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Louisiana Corruption

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From the N. Y. World. For the past week ex-Governor Wmmoth has heen stopping at the Pii'th Avenue Hotel. His presencie in this city is in response t.o u personal business uffair and not in connection with politics. Yesterday niorning a Wtirli reporter obtained hú views on the pohtical sitinition in Louisiana and the teeling in tht State règardiug the third term. The ox-Governor conversed treoly on these topics. Ho said that he had retired permantiutly trom politics, and if he could preveut ït, uo consideration will ver induce hiiu to lueddle again with politics in any manuer. " What is the feeling in your State regarding the third terui f "Grant, who is undoubtedly a. cnndidatu for renomination, will receivc tlie support of the entire Domocracy not only of my State, but of overy State in the Routli wheiein negro rule and carpetbaggers hold the governmental powers. That is, on oondition that he helps them to regain the control of thüir respective States." "What do you think Grant's platform will be r" " I don't know. In the South it is a matter of little consequence. All they want ís his assistance m ridding themselves of negro rule, and if' he promises that they will support him not only for a tliird term, but for a fonfth inri ftfth term if neoessary." "Are they so partial to Grant as tuiit" " It ia not a partiality to Grant. The Southern people don't care the snap of their finger who is Presideut of the United States, or who is in Congress, as long as the hoinfl governments are managed by theuiselves." " What is to be tho President's policv towards the South in the future '?" " His policy will undoubtedly be o'ne of conciliation. He will prevent Federal interference at elections, and when he does tht you may rely that the State goveruinents will be wrested from tho hands of the corruptible set that are now in power." "What aborit the civil rights'r " "Oh, '. Grant is, without question, opposed to that : and there he makes a hit with the Southern people. I have uo doubt that, even should that bill pass Congress, he would voto it unoonditionally." " His not his oppo8Ítion to civil rights and his rofusal to send troops to carry the Vicksburg election ereated a favorable imprcssion with the Southern Dttrnrtcraoy i" " Uudoubtodly. It is lookcd upon as an indication of his future policy towards tho South, and if he continúes to c;irry it out he will receive thuir support. Any other man who can gnarantee what they ask will bo just as aoceptable as Grant. They have 110 choice in the matter, and will only support the man who will rodeem their State goveruments fioni tht hands of th; lasnally carpet-biiggers and negroes." " Is there any truth about th(; organization of white leagues ?" " Yes, sir ; they are forming all over the South ; and to my personal knowledge a arge nuraber are in existence in the Btate I come trom." "Is danger to be approhended from hese white leagues ?" "Yes; there is great dttsger to be apprehended. It will lead to bloodshed and war of races. Tho negroes have no one to blame but tbeinselves. The Southern whites have by every means endeavored to gain their co-operation, but they have rejected every offer and pursued a policy towards the whites which has created a lasting bitterness and hatrod on the part of the latter." "Are you of the opiuion that the Kellogg party in your State will carry the coming election ?" " If Orant continúes his policy of noninterference in Southern politics the Democrat8 will defeat the Custom-House ítang. Should he, however, support the Kellogg party, as he has done heretofore with Federal bayonets and the United States Marshal's inachinery, they will sweep the State. But the after cousequences will be terrible. Kellogg, Casey, and the company would ccrtainly pay the penalty with their lives, and the feeling existing between whites and blacks would be brought to a bloody climax." Speaking of the Post-Office defalcation atnounting to $40,000, which ocourred under Lowell, now Speaker of the Assembly, Governor Warmoth said, "Mr.Lowell is not a friend of mine, yet I do not hold him guilty. The money was taken by hia subordinates, for whom he was responsible. He wbs negligent in his management of the Post-Offiee affairs, and I tbink the defalcation was cotuniitted without his knowledge. He has settled with the United States Goverrunent by the payment of $7,000."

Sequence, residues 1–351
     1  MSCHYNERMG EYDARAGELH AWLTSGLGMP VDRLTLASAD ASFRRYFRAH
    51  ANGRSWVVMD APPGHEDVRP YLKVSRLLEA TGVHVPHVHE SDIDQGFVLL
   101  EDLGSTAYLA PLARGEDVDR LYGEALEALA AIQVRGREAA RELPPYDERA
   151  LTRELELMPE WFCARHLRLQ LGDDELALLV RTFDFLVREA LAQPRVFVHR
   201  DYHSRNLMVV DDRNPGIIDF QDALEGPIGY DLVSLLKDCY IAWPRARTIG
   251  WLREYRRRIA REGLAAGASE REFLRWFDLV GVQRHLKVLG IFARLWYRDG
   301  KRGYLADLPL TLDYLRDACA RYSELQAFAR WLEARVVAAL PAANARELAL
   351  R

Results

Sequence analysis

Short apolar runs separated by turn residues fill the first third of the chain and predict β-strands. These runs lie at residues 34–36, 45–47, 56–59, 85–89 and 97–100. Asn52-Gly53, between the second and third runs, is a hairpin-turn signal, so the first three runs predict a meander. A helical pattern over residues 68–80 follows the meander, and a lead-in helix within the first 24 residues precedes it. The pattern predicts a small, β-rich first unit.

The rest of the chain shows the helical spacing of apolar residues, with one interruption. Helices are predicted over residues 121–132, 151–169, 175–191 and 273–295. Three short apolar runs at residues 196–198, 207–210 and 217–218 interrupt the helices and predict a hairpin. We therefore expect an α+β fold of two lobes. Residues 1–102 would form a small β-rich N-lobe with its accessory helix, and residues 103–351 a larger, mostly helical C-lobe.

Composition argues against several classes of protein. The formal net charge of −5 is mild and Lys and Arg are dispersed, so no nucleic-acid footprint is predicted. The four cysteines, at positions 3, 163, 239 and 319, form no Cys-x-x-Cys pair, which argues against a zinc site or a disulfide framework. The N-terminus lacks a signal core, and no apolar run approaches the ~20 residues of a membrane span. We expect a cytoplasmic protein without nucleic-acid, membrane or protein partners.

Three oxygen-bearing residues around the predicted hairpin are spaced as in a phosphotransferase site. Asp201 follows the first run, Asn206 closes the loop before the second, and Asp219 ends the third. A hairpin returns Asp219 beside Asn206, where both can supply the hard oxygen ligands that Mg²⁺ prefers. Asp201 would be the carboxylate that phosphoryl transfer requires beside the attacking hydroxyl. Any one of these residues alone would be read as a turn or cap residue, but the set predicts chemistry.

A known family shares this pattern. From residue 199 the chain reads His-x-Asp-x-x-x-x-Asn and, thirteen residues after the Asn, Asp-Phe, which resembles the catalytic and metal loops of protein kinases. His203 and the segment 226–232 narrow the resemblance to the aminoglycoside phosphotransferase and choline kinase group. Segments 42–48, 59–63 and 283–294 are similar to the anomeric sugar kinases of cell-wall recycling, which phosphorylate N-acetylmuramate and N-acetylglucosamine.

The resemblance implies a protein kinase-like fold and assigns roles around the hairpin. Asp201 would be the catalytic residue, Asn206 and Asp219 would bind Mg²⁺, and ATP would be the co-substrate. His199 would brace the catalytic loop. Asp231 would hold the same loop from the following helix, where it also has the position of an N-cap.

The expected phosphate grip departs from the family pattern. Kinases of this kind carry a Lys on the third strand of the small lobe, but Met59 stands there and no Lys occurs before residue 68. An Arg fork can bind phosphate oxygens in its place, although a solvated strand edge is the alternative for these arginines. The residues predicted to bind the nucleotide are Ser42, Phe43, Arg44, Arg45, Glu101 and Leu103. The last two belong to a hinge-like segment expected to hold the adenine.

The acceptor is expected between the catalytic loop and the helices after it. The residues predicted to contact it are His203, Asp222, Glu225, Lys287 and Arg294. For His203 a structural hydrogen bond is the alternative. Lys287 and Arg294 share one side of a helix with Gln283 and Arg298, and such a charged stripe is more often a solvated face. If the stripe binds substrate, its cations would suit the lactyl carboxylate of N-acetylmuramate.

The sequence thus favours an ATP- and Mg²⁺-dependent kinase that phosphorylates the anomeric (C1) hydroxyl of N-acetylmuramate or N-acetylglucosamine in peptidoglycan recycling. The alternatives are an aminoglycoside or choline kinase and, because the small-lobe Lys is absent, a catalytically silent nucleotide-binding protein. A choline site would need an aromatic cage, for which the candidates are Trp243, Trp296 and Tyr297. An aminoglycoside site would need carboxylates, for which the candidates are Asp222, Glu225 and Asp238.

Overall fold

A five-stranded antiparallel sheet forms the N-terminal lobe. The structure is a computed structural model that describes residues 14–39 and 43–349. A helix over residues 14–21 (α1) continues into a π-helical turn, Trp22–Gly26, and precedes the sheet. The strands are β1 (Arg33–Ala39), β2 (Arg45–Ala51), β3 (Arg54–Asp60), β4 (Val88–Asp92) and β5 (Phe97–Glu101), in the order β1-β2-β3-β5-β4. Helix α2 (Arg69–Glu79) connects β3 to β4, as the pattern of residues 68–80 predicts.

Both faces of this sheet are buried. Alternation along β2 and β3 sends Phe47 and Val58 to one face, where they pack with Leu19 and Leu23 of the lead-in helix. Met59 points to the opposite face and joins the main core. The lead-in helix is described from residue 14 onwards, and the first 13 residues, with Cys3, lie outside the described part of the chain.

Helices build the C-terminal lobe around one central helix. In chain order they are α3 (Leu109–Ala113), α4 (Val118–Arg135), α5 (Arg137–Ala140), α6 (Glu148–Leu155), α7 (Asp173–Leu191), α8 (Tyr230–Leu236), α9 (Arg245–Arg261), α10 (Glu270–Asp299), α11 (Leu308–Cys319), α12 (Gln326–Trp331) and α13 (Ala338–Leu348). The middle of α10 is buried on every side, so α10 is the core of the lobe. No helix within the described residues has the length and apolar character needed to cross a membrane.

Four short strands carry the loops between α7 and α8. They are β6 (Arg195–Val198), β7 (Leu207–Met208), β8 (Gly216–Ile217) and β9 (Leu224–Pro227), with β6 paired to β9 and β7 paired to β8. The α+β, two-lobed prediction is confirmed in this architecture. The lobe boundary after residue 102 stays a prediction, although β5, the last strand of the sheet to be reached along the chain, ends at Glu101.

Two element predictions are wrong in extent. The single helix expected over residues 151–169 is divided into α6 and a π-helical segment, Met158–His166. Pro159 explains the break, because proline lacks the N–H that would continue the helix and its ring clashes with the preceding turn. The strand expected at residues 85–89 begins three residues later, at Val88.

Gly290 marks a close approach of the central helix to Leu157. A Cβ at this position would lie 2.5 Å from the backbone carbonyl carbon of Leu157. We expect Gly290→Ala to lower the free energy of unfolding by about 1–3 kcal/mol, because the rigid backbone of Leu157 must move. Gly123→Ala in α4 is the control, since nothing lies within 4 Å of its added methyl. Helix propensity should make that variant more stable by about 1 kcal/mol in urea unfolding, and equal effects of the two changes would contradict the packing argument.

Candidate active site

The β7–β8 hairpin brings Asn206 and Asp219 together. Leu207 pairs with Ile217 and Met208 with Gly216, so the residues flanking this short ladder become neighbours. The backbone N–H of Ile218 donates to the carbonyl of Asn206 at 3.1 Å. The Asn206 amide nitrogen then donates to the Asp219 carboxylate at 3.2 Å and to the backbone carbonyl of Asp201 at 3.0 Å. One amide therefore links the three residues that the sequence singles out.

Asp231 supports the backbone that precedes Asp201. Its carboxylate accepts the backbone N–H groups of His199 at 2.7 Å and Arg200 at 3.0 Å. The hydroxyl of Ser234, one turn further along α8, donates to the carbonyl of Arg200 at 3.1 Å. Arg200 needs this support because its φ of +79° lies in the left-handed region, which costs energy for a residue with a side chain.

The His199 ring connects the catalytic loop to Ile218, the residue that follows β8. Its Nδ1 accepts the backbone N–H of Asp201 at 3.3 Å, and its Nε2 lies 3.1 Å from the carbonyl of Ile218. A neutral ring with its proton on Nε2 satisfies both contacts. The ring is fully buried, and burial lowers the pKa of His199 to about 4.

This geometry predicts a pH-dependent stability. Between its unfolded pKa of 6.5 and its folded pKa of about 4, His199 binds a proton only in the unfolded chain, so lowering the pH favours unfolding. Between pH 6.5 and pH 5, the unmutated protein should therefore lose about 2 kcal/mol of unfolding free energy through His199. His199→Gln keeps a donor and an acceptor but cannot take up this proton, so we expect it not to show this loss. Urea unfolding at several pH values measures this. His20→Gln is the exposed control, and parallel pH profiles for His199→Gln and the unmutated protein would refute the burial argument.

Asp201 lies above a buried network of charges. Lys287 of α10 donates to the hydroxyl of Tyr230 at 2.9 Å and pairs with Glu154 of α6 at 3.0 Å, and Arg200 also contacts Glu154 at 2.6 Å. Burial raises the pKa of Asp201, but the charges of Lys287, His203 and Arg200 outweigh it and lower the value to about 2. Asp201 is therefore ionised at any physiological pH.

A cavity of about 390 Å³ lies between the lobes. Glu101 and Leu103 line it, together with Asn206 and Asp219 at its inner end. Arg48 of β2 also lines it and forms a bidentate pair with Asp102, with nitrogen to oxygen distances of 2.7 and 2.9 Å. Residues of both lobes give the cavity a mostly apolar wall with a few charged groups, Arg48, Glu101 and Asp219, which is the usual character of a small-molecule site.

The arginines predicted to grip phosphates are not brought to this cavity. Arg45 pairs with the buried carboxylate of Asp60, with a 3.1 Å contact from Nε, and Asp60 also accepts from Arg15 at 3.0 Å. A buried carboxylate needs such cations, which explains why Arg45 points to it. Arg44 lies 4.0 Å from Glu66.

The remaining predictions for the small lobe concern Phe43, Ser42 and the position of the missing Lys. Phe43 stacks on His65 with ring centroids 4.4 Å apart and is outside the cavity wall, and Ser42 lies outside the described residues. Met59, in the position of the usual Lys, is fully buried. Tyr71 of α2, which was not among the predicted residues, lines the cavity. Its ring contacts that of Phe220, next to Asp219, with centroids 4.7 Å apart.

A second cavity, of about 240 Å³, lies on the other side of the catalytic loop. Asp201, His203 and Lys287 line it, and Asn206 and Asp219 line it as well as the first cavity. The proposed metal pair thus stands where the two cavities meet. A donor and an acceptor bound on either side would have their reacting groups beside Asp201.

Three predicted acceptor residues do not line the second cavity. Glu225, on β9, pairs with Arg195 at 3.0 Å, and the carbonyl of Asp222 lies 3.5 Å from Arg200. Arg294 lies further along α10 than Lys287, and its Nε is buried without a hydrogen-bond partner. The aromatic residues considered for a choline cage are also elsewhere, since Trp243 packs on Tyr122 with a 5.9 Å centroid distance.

Old News
Michigan Argus